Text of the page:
Whether the 'handsome' Waldeck had yet begun his conquest of the salons of Paris and its countesses and duchesses, I do not know, but in 1870 he crossed the channel to partake of the London season. He began singing for Benedict at a Dalston Hospital Benefit (30 March), then at Clara Schumann’s concerts, as featured vocalist alongside Edith Wynne. I’ve picked up a good number of appearances during the season – Amy Perry’s concert with the Doria sisters and the pupils of Lansdowne Cottell, the New Philharmonic concerts singing Gounod’s ‘Le Vallon’ alongside arias by Pauline Lucca, a Benefit for a Day Nursery, or Marras’s at home (‘O Lisbonne’, Mireille). ‘This gentleman is likely to prove a great acquisition to the platform’ quoth the press, ‘his pronunciation is pure, his intonation pleasing, his style gentlemanly, and his voice both rich and sympathique’. He sang for Kuhe, Madame Celli, Cottell again, at the concerts of Annetta Zuliani, Emma Wildish (Gounod’s ‘Voulez-vous aller’), Mary Elizabeth Walton, Julius Benedict, Antoine de Kontski, Henry Holmes … ‘pure tone and admirable expression’, ‘a pleasing French baritone’ and on 6 July gave ‘his second morning concert’ (I seem to have missed the first) at Cromwell House. He sang, a selection of top instrumentalists played, and Emily Muir came in to sing the Noces de Jeannette duet with him. He seems to have closed his season 16 July, singing ‘David Before Saul’ at Store Street.
‘M Léonce Waldeck, a baritone of considerable merit, gave a song from Martha very pleasingly. He has a sympathetic voice of good quality, and sings accurately and with judgment, barring a tendency in forte passages to force his tone into a passionate vibrato’ wrote The Examiner after Lansdowne Cottell’s concert. That passion (and vibrato) would help him to become a favourite of the ladies …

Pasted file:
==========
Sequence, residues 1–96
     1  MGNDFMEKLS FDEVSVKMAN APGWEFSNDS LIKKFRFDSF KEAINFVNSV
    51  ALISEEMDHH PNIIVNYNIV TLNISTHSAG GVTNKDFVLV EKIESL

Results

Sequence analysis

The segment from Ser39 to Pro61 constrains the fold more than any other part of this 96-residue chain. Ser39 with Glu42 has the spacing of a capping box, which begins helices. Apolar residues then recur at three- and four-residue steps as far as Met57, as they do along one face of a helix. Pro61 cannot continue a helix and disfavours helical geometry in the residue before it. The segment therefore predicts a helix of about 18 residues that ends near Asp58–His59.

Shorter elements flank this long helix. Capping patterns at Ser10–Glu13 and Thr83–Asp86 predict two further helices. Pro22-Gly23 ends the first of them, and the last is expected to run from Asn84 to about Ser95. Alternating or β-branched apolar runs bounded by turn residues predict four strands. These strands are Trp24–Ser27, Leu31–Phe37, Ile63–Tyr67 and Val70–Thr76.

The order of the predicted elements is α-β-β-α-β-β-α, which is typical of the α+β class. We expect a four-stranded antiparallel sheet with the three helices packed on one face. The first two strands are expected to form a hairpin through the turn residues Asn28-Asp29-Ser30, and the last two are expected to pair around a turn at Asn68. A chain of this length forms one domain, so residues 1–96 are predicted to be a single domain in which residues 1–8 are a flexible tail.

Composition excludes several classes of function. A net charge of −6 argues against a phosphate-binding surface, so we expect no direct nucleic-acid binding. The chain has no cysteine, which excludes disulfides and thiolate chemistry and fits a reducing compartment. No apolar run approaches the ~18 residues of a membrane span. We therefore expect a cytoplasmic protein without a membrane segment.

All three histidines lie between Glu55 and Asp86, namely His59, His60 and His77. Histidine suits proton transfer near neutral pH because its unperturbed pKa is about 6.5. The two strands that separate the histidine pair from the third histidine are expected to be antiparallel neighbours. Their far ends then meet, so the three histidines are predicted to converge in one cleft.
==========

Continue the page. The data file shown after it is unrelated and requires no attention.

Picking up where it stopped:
I don’t know whether the Waldecks went home after the London season. The Franco-Prussian war had just exploded into action. Anyway, I see no trace of our ‘baryton martin’ until April of the new year, when he turns up in Dublin, equipped with two songs by Charles Salaman (‘I would tell her’, ‘A Voiceless sigh’) and giving a concert (21 April) at Cramer and Wood’s Rooms.
Back in London, he sang in more public concerts (Silas, Billet, Romano, Mme Celli, Alfred Gilbert, Henri Logé, E Guerini), and doubtless as many private ones, as well as revisiting Dublin (Gounod’s ‘Noel’ and Chanson du printemps, The Scented Vine’ &c) and appearing in London with Salaman as guests with the Dublin Glee and Madrigal Society.
H appears to have stayed over this year, for he turns up at the Albert Hall in December singing with Lemmens-Sherrington and Edward Lloyd in a performance of Carter’s Placida and in February of 1872, he gave a concert with Salaman in Brighton.